Serve in your favorite mugs. Add a shot of spiced rum or whisky for even more snowy-day cheer.
Tip: You can add other dried fruit if you like. Today I am adding a few chopped organic dates to the mix. You can also try apple slices, orange slices, etc. A cinnamon stick makes a fine garnish. If you like your cider sweeter, you can add a little orange juice or honey. Experiment!
*I know a lot of cider lovers float whole cloves in their brew. I don’t like their scratchy texture. If you only have whole cloves, you can grind a few in your Magic Bullet before creating your ginger paste.
–Kelly McQuain, January 2018
Happy poetry month! I’m doing two events to kick off the celebration. the first is a panel at the Rosemont College LitLife conference. Click here for details. Tim Seibles, a wonderful Philly poet who now teaches in Virginia (where he is the poet laureate for the state!) is just one of the amazing poets at the conference. I met Tim a few years ago when he read for us at the college where I work. What a great guy! I’ll be doing a panel on creating images with the wonderful poet Dawn Manning. Look for us there on April 1st.
And, speaking of my college, Community College of Philadelphia, our Poets & Writers Festival comes to a conclusion this coming Monday with a free event below. Check it out!
Monday, April 3, 2017
6 – 8 p.m.
Klein Cube, Room P2-03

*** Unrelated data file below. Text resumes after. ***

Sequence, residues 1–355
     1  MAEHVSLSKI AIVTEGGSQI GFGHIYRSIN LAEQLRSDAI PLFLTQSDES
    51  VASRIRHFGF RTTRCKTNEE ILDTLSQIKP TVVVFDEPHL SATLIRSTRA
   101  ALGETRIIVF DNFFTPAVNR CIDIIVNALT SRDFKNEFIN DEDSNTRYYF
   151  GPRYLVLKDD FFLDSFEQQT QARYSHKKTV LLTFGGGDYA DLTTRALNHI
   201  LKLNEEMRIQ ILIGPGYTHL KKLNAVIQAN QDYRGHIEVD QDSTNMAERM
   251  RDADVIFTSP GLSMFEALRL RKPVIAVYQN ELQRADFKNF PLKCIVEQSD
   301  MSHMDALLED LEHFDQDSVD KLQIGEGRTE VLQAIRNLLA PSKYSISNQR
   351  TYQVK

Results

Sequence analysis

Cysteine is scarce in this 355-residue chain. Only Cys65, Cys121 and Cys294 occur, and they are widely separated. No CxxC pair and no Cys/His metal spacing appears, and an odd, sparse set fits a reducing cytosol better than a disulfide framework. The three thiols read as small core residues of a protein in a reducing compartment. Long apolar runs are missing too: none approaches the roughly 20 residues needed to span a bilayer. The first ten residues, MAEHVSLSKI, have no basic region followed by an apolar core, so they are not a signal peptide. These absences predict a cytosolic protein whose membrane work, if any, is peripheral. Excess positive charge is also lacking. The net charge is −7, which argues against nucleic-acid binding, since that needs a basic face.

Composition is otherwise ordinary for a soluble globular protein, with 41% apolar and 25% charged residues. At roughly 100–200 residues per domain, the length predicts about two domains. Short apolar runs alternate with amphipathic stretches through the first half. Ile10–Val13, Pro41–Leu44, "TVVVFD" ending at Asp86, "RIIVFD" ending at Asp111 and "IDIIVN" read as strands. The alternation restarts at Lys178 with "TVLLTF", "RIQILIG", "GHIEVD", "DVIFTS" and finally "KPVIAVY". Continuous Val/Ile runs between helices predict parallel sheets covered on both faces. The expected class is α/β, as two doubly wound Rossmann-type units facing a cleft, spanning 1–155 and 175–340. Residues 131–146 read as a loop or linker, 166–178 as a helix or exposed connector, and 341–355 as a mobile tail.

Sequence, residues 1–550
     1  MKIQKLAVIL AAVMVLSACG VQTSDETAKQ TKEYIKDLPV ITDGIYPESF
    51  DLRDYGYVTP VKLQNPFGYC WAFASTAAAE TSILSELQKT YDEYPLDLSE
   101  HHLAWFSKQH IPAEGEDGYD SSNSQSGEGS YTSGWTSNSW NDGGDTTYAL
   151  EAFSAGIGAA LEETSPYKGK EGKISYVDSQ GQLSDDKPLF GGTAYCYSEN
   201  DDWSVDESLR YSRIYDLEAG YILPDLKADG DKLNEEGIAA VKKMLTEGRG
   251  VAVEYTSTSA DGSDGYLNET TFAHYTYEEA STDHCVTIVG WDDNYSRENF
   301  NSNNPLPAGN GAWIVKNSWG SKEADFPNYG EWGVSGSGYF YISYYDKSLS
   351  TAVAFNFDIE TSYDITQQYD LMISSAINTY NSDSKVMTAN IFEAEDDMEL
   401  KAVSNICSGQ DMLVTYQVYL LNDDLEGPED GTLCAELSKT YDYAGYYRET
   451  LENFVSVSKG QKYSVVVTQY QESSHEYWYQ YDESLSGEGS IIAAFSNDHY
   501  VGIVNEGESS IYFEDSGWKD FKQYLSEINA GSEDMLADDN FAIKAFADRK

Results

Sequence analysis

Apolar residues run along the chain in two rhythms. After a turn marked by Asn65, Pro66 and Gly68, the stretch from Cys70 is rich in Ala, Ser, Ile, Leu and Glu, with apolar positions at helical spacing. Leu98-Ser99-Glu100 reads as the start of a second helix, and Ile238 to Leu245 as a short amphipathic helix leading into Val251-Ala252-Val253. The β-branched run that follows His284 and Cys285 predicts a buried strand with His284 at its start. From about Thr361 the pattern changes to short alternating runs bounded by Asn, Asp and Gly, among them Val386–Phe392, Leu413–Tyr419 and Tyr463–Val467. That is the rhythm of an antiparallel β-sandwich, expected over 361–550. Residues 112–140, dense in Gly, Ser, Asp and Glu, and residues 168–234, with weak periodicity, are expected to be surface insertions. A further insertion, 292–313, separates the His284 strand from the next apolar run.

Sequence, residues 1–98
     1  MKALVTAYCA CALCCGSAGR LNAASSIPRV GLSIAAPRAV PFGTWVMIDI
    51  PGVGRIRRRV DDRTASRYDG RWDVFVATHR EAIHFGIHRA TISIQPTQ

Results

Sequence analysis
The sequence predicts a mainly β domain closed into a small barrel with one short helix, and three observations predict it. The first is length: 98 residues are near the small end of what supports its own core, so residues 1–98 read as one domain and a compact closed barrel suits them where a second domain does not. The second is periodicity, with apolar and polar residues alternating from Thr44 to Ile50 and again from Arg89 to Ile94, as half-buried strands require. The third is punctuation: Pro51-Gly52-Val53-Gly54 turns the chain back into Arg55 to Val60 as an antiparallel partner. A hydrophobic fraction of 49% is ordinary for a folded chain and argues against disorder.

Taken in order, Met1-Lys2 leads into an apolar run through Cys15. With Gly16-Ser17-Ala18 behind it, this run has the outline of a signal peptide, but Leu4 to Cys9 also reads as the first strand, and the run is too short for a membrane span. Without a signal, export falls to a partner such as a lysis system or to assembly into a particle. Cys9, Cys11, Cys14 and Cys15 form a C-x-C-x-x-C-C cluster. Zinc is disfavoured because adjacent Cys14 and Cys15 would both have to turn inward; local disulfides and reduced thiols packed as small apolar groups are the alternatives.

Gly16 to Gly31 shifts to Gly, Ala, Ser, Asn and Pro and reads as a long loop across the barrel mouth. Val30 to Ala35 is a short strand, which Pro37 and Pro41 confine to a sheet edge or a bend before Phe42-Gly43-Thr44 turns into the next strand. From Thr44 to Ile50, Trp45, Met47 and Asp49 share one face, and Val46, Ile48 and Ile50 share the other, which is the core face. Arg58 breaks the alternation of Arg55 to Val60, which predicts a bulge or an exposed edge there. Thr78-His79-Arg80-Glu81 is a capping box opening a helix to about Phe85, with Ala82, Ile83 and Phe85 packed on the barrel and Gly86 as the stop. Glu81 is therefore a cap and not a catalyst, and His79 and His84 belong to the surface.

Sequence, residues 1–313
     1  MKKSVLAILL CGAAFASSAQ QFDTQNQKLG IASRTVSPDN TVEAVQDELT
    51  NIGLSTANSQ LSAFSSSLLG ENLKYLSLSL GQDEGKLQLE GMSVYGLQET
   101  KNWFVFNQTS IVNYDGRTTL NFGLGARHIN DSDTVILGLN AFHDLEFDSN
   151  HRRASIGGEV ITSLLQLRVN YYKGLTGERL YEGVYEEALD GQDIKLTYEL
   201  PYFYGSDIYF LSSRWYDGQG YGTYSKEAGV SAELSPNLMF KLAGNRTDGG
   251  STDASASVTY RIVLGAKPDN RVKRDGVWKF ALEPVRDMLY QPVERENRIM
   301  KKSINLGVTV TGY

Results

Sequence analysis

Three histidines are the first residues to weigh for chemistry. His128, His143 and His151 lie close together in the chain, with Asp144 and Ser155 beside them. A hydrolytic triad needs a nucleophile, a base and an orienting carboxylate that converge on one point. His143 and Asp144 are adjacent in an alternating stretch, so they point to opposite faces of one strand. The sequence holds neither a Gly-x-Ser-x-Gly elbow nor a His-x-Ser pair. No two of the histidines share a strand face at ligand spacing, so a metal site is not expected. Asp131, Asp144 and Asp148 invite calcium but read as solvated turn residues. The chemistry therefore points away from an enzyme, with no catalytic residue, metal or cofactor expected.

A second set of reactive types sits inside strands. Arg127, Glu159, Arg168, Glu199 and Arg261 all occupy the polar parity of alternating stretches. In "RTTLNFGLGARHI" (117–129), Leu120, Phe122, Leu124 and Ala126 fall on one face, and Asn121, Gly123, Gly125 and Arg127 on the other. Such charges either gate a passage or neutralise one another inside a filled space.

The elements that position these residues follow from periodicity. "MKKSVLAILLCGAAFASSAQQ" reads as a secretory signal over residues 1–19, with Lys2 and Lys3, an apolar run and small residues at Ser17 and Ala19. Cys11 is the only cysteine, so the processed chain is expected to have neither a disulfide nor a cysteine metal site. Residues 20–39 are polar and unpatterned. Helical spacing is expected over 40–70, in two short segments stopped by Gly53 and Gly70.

The Community College of Philadelphia Spring Faculty Showcase of Writers
Join College’s distinguished faculty members as they read from their latest poetry and prose in what has become an annual tradition. Refreshments will be served! Click here for more info!
The line-up includes: Jonathan Pappas; Amy Birge; Lauren Genovesi; Julie Odell; Kelly McQuain; Brian Goedde. Hosted by Jeffrey Markovitz.
An Inaugural Poem, err, Song?
“Bye, Bye, My America Died”
(Sung to the tune of “American Pie”. Don McLean, forgive me.)
A long, long time ago
I can still remember how my country
used to make me smile…
And I know if I had my wish
Bernie Sanders would be the big fish
and maybe we’d be happy for a while…
But November ballots made me shiver
with every return CNN delivered:
A psycho at our doorstep.
Hillary hadn’t cinched it.
And I can’t remember if I cried
when I read about Trump’s third child bride.
But something touched me deep inside
The day America died.
So bye, bye, my America’s died.
Shoved my country to a cliffside
and that cliffside is high.
Trump’s good ole boys are drinking whiskey ‘n rye
Singing “This’ll be the day that they die!
Ground beneath his heels and his pride!”
Now did you write the book of hate
And would you help Putin masturbate
if the Russians told you to?
Now does Trump believe in rock ‘n roll?
The Boss ain’t gonna save his greedy soul.
Still gonna build his wall… just real slow…
Yes, I know we’re not in love with him,
40% approval ain’t a goddam win.
So don’t kick off your shoes.
Man, I got the Obama blues!
I’m just a lonely teenage broncin’ buck
With student debt and a beat-up truck
And I know my friends are all real f*cked.
Today, my America dies.
We’ve started singing
bye, bye, our America died.
Shoved our country to a cliffside
and that cliffside is high.
Trump’s good ole boys are drinking whiskey ‘n rye,
singing “This’ll pave the way for our ride!
This’ll be the day the Left dies!”
#WritersResist #WritersResistPHL #Trump #BernieSanders #Trump
WE CAN’T GIVE UP!
WE HAVE VERSES IN US STILL LEFT TO WRITE. RESIST!
Also, whoever baked the Cthulhu pie, I love you.
Sunday’s event received some wonderful attention in the Philadelphia Inquirer/Philly.com. I was grateful to be a part of it, reading from Elie Wiesel’s “The Perils of Indifference”. More to come!